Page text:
Why are economists, like lawyers and proctologists, universally loved and admired? One reason is our penchant for highlighting the perverse unintended consequences of public policies, particularly policies that ignore behavioral responses. Mexico City’s Day without Driving program is a well-known example. Aimed at curbing congestion and air pollution, it prohibits cars from being driven one day a week based on the last digit of their license plates. A World Bank study conducted just a few years after the program was established in 1990 showed that it actually exacerbated the problems it intended to lessen; many households responded by purchasing second cars (often old, highly polluting clunkers) and increasing overall driving. More recent studies with access to better data have reached the same disappointing conclusion.
Despite consistently unfavorable evaluations of Mexico City’s driving restrictions program, similar policies have recently been implemented in other developing country mega-cities including Beijing, Bogota, Quito, and São Paulo. The political appeal of this approach is understandable. At first blush it appears likely both effective and equitable. Won’t banning one-fifth of cars from the road every work-day cut vehicular pollution and congestion by one-fifth? And doesn’t the policy affect all drivers the same? Perhaps not surprisingly, however, the results of rigorous evaluations of these programs tend to mirror those of Mexico City’s program. Drivers adapt in ways that offset intended benefits, not only by purchasing second vehicles, but also by shifting driving to unrestricted days and times.
Delhi is the latest megacity to jump on the driving restrictions bandwagon. Its two-week trial ‘odd-even’ program, which began January 1, prohibits cars from being driven every other day: those with license plates ending in even numbers cannot drive on odd-numbered days and vice versa. Admittedly, Delhi’s air pollution is jaw-droppingly bad. The World Health Organization ranked it as the world’s worst. And Delhi’s High Court, among others, has referred to the city as a gas chamber. So there is certainly ample cause for regulatory interventions, even drastic ones and there are some reasons not to be completely pessimistic about the odd-even approach. Because it restricts driving every other day, instead of just once a week, it is more likely to have some impact on air pollution. Time will tell. No doubt economists are planning or conducting rigorous evaluations of the program as you read this.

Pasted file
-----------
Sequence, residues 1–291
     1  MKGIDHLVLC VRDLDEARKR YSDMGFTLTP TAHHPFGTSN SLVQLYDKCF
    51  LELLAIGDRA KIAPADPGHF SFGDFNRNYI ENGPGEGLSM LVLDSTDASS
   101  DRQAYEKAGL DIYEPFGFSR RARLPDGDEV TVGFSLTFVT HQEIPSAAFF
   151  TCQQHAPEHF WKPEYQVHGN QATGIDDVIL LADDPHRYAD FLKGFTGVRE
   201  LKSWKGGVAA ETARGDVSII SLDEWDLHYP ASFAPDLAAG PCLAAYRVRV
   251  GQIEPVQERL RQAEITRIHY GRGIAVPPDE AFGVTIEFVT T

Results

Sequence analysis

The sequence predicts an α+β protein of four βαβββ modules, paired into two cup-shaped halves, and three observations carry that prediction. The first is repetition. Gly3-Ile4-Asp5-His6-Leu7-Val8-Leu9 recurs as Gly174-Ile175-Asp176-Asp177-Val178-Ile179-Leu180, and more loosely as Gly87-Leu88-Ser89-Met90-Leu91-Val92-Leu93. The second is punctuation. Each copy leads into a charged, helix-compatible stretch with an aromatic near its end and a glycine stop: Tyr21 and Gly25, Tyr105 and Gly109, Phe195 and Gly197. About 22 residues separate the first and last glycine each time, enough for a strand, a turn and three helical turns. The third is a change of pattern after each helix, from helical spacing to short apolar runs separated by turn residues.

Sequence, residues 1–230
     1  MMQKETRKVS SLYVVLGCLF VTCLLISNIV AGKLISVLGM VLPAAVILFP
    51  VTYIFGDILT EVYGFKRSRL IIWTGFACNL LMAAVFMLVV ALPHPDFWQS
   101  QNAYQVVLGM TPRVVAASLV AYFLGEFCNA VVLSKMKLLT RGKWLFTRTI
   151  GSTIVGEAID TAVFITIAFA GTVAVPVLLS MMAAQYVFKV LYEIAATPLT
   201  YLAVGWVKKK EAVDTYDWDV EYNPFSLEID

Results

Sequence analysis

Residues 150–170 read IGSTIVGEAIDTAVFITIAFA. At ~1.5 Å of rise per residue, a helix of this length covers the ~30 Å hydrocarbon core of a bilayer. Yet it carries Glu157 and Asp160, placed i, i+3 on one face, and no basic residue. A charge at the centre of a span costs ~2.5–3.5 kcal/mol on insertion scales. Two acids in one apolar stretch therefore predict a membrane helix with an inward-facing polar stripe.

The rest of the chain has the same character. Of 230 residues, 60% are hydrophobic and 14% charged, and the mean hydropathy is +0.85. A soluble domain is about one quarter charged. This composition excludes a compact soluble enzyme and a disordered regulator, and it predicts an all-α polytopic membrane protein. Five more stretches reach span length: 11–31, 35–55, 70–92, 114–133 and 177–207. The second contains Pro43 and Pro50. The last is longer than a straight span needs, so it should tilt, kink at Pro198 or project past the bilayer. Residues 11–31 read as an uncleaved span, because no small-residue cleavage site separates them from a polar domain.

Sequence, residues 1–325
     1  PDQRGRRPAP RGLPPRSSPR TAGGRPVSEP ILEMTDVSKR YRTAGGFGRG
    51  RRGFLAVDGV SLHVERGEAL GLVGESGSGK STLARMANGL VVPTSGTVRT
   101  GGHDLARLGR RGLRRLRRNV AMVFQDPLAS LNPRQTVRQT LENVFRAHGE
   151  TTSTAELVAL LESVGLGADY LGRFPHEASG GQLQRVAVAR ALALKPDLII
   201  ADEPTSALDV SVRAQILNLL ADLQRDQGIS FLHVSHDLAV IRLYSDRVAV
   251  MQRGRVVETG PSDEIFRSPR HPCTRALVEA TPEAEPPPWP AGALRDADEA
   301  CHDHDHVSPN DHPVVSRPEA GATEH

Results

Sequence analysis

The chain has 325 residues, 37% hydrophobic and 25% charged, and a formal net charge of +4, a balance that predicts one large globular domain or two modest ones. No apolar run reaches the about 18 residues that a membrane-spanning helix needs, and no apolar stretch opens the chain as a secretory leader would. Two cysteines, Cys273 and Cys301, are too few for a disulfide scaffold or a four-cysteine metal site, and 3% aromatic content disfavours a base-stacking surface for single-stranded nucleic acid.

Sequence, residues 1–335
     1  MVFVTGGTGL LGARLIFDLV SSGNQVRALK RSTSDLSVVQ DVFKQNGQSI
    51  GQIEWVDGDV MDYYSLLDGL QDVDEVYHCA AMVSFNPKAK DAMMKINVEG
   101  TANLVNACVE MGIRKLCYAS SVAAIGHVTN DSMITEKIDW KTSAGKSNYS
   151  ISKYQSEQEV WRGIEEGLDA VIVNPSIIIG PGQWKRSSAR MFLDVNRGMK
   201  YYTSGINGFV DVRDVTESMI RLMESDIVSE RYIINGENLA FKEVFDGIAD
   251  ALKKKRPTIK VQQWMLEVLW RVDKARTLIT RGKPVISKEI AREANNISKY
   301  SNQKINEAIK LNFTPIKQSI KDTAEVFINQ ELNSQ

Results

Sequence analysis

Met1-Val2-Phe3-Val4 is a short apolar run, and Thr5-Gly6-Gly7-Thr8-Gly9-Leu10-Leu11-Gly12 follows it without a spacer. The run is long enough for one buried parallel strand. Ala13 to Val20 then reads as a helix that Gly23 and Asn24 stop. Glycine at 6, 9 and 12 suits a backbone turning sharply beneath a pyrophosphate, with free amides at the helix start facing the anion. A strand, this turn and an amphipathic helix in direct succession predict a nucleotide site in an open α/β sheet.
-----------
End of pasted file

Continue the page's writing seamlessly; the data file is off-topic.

But even if these studies demonstrate that Delhi’s trial program significantly cuts air pollution, policymakers should think long and hard about whether to extend it beyond January 15 for at least two reasons. One is that, as study after study has shown, adaptive responses to driving restrictions that increase driving—including purchasing additional vehicles and shifting driving schedules—will take months, if not years, to play out. As a result, even though the program may have benefits in the short run, these benefits are quite likely to attenuate over time.
Second and perhaps more important: driving restrictions impose huge costs on drivers. The reason is that they treat all trips the same. A commute to a workplace that is not accessible by public transportation is treated the same as driving to a movie theater next to a metro stop. Moreover, the costs imposed by driving restrictions tend to be regressive. They are disproportionately borne by those who do not have the means to hire taxis, purchase second vehicles, and pay to have groceries delivered.
For example, a new RFF study (joint with colleagues in Mexico, Costa Rica and Sweden) found that Mexico City’s program still imposes enormous costs on drivers, even though they have had 25 years to adapt by purchasing additional vehicles, carpooling, and changing commute patterns. We estimated costs at between US $77 to $103 per vehicle per year, about 1 percent of the annual median income. These estimates imply that the total cost of the program is US $367 million to $490 million per year, roughly 3 percent of the 2013 gross domestic product of Mexico City. And not surprisingly, we found that these costs fall disproportionately on lower income drivers.
But if driving restrictions are likely to be ineffective, costly, and regressive, what strategies should policymakers use to cut vehicular pollution and congestion? Ideally, they would compare the benefits, costs, and distributional effects of a range of different strategies including investments in public transportation and market based regulations like fuel taxes and congestion fees. Because market based approaches allow households that value driving the most on any given day to drive on that day, they are likely to be more cost-effective than driving restrictions.